Leave a comment:


  • Loris
    replied
    Originally posted by RealNC View Post
    I've noticed something with 2.6.28 that didn't happen since quite some time: The mouse cursor in X becomes skippy/jumpy when there's heavy system load (doing a "make -j5" in /usr/src/linux for example). Anyone else seeing this? Cursor was always smooth as silk before.
    I regularly experience skippy mouse movements on:
    • swap space/file usage
    • heavy storage I/O, on machines with IDE chipset which require CPU intervention (Intel U100, my notebook is a Thinkpad A30)
    • heavy USB I/O, as the USB specification doesn't include DMA (remember me, what does Intel sells, again? )

    Leave a comment:


  • Throwing Strikes
    replied
    What type of mouse are you using. I had to replace my Razer Deathadder because the mouse would get jumpy when I was in WoW. But this was under the 2.6.25 kernel.

    I would try a different mouse to make sure its not a hardware issue if you haven't already.

    Leave a comment:


  • RealNC
    replied
    I've noticed something with 2.6.28 that didn't happen since quite some time: The mouse cursor in X becomes skippy/jumpy when there's heavy system load (doing a "make -j5" in /usr/src/linux for example). Anyone else seeing this? Cursor was always smooth as silk before.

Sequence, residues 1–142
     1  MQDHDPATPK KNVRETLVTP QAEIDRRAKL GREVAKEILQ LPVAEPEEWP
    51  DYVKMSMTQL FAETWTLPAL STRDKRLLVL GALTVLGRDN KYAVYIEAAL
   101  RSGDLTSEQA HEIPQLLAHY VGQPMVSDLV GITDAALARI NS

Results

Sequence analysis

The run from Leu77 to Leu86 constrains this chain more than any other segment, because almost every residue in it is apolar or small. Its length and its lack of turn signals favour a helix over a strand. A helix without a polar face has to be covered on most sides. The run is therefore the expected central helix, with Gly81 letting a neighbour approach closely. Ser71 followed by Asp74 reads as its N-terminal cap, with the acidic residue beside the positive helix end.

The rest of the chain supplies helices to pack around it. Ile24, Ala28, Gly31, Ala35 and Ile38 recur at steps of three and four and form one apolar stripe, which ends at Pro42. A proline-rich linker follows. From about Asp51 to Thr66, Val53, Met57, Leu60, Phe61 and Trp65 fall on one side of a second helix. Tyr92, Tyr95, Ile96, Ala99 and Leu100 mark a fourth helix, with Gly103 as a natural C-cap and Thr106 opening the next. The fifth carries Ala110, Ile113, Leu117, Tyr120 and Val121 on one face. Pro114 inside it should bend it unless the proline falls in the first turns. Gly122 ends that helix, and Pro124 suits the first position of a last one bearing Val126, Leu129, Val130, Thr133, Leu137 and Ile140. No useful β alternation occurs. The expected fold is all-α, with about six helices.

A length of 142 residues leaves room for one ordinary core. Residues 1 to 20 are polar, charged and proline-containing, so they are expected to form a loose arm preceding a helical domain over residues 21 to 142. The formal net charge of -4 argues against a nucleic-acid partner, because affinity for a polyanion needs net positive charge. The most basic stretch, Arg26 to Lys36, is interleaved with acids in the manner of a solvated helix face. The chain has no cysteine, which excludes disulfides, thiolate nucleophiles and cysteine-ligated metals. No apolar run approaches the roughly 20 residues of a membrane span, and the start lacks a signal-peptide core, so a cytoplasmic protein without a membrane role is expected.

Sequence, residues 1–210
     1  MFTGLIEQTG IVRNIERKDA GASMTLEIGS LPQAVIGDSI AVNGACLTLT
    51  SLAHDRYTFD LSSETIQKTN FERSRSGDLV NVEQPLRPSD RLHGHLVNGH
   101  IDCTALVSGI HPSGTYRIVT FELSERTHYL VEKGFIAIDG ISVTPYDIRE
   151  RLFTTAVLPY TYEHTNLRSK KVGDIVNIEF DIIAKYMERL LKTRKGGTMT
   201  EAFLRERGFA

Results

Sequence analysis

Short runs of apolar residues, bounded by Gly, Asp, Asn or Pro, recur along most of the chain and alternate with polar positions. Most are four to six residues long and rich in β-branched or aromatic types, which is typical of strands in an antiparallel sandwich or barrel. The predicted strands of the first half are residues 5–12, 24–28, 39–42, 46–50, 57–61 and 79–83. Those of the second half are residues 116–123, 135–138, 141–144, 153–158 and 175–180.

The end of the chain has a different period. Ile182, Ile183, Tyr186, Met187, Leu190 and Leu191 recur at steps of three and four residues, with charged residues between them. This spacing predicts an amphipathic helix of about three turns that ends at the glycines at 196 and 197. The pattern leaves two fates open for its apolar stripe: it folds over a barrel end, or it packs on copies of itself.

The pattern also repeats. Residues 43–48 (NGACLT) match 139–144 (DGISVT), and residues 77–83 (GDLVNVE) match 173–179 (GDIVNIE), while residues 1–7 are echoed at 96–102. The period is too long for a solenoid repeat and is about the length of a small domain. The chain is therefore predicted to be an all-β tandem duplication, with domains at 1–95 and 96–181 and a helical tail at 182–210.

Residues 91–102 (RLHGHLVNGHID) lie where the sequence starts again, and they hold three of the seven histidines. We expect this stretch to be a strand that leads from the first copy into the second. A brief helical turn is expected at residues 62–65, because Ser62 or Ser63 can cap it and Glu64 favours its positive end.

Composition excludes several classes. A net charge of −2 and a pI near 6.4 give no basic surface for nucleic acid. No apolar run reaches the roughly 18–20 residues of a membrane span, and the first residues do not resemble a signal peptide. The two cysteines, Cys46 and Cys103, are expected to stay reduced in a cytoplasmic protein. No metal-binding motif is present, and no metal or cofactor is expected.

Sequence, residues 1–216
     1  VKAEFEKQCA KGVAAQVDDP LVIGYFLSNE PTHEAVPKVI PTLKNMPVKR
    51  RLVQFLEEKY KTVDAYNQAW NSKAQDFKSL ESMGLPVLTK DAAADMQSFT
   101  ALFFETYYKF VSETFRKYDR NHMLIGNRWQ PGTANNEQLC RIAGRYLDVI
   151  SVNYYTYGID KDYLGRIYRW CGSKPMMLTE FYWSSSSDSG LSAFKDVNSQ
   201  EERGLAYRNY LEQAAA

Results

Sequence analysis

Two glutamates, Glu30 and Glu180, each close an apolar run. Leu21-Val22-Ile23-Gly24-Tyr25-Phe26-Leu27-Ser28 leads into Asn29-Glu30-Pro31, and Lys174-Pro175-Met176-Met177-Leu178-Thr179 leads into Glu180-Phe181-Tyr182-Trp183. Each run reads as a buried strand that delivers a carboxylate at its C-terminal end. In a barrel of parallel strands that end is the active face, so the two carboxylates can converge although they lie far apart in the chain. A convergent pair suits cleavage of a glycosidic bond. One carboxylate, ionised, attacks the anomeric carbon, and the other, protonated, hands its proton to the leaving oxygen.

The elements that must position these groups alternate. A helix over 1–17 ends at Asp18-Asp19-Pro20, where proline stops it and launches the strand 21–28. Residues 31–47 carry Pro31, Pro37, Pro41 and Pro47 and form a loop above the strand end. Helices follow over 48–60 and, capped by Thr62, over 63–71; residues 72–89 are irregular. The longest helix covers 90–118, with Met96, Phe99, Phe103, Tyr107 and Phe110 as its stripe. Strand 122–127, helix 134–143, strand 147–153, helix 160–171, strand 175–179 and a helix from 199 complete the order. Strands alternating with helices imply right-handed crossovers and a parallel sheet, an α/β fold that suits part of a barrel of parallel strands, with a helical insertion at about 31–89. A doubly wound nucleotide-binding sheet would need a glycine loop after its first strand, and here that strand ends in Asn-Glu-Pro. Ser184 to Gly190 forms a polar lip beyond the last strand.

Leave a comment:


  • hdas
    replied
    @ Jade :

    About Reiser4. Whatever has happened has happened. Reiser is a genius, no doubt and Reiser4 is revolutionary. Never mind his quirky attitude and personal issues. Everyone has a personal life and we got to understand that.

    Meanwhile, the important thing is to be constructive. There are no conspiracies. Anyone or any corporation wouldn't become a billionaire (like Bill Gates or Steve Ballmer) by pulling such a thing. People are sincerely trying to do what is best.

    I know you are personally disturbed about reiser4 and as much passionate about it as Reiser himself. But you got to move on man. You are very talented and you can and you should code. You can yourself make reiser4 better, try to push it in the linux kernel (and hopefully every other OS - *interoperabilty*) and such an effort will be very very appreciable.

    And it is not just about Reiser4. Look at Ext4 - they have spent years on it and I was surprised to know its just some transition file system. There is no conspiracy here either, its just for the better. There are so many efforts to make things better - Tux3, Btrfs, ZFS. Any work on any of these would be awesome.

    Show them the code! And, don't let it take a toll on you. You need a bottle of beer and I wish I could get you one!
    Last edited by hdas; 12-27-2008, 08:13 AM.

    Leave a comment:


  • Loris
    replied
    Originally posted by Jade View Post
    And Reiser4 is still better and more stable than Ext4.

    Linus Torvalds and co., are apparently just plain ole garbage.
    Wow, "better" is too much a technical term.

    Plain offensive speaking toward Free Software developers is what makes filesystems better, I suppose. Jade, please, don't.

    Leave a comment: